June 14, 2024

By Jane Reed

While Pride Month has concluded, oppression based on gender and sexuality outside of the confines established in bourgeois society continues, and the bourgeois trends that hinder the revolutionary potential of the queer masses remain pervasive. Thankfully, we don’t have to limit ourselves to the confines of one month out of the year to critique these very trends.

If you found yourself scrolling through social media, inundated with videos in rainbows and various flags, there was a common theme amongst many of them regarding terms such “rainbow capitalism” and the like. There has been a conversation amongst the queer community on how to approach everything from the different pride collections at big box retailers to small “queer owned” business. However, there are issues that are pervasive in every single one of these videos that seem incapable of grappling with the core of the issue. 

The conversation primarily begins with various influencers apologetically opening with “I know “rainbow capitalism” won’t save us…. but….,” then the video continues on, never really addressing how a “rainbow capitalism” is any different than capitalism generally, leaving us to infer that they likely mean commodities sold for the purpose of appealing to queer people. The videos then go into the variety of pride related products, from this year’s favorites of “live, laugh, lesbian t-shirt,” to least such as a bright green jumpsuit that simply says “gay.” The but however leaves open the question of why they should be concerned in the first place, with the videos touching on a final diatribe about how corporations don’t care about queer people and either leaving it there or elaborating further, alerting people to, or advertising specific, “queer owned small-businesses.” This, however, seems to misunderstand the issue entirely, and reflects the default bourgeois and petty-bourgeois sensibilities that the LGBT movement is no exception to. What is the Communist response to this? How can we more effectively agitate?

Commodity Fetishism and Queers

Commodity fetishism is severely misunderstood, even amongst self-proclaimed Marxists. What it isn’t, are luxury brands in of themselves, or the urge to buy things one doesn’t need, or sentimental value, or any myriad of distortion that can be so commonly seen. Commodity fetishism is described by Marx as escribing “special powers” to commodities. It is the nature of these “special powers” that is misunderstood, as it is in reference to value itself. The issue isn’t that value is applied where there is none, it is that the value in the minds of the masses seemingly falls from the sky. The commodity isn’t seen as something having value because of the labor applied to create it, it simply has value. This abstraction on the behalf of capitalist relations separates the masses from internalizing the exploitation that goes into the creation of the commodities they purchase, and thus further alienates the masses from the struggle against the exploitation of man-by-man, the struggle of the individual from their peers all over the world.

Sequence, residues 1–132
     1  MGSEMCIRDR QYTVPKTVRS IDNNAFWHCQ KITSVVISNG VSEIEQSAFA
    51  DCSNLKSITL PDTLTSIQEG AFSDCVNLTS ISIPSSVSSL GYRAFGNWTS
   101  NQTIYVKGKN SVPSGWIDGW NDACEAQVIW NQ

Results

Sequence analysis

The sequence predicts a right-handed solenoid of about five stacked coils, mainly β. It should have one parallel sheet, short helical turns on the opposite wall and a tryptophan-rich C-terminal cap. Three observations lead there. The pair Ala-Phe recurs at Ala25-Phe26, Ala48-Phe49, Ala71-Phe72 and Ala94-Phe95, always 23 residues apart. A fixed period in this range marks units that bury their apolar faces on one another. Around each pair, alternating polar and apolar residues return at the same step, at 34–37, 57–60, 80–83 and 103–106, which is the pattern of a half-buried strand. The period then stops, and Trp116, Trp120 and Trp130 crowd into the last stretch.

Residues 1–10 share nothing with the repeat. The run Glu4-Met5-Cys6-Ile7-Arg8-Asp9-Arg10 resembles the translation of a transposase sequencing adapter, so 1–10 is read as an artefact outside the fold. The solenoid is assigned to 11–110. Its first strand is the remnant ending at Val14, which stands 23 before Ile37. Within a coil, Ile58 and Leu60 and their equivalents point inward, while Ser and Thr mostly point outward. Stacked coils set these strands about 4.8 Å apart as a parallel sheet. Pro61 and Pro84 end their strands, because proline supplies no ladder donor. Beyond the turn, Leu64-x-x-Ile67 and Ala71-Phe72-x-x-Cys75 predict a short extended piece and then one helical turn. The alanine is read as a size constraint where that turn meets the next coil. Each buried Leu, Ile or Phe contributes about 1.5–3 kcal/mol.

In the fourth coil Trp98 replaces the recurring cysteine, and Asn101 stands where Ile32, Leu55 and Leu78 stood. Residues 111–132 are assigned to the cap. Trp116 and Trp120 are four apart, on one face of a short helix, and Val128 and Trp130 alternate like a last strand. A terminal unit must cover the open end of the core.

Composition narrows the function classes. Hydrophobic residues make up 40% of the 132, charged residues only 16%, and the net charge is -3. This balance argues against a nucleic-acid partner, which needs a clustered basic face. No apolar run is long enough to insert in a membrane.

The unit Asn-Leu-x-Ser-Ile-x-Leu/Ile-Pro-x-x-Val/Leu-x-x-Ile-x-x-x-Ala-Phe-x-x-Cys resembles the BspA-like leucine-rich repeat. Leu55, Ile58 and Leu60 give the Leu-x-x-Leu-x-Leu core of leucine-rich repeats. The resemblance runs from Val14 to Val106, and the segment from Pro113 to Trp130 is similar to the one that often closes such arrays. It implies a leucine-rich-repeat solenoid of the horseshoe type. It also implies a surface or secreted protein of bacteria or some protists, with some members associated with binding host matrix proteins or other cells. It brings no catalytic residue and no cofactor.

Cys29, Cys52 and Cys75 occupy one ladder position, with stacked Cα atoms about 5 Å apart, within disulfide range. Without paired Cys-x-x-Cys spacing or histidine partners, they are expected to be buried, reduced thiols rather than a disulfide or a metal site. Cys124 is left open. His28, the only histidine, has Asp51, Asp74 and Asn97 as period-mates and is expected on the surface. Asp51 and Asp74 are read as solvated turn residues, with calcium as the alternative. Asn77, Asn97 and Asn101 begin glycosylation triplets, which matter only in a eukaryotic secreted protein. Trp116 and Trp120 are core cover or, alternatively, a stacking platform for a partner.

The queer community lacking a dialectical materialist analysis has also been subject to this. Thus, it struggles to wrestle with knowing that capitalism seeks to exploit them, but internalizes it as bigotry, malice, or a “flaw” in capitalism. They struggle with reconciling that the items that are designed to represent them and reflect their interest appeal to them, but to purchase them is necessarily to participate in a system that oppresses them, ultimately accepting that they are helpless participants regardless, but without any solution. So, they seek refuge in petty-bourgeois solutions, purchasing from small proprietors owned by petty-bourgeois queers, believing that this will minimize the “damage.” This ignores the fact that the petty-bourgeoise all aspire to become the bourgeoise one day and will either fail to maintain their precarious situation within the petty-bourgeois strata or will seek more exploitative methods to produce and sell commodities. Without Marxism, without understanding that commodities aren’t born from corporations, but human labor, the LGBT movement finds comfort in hopelessness, it finds joy in the smallest fire in the hell we are all trapped in.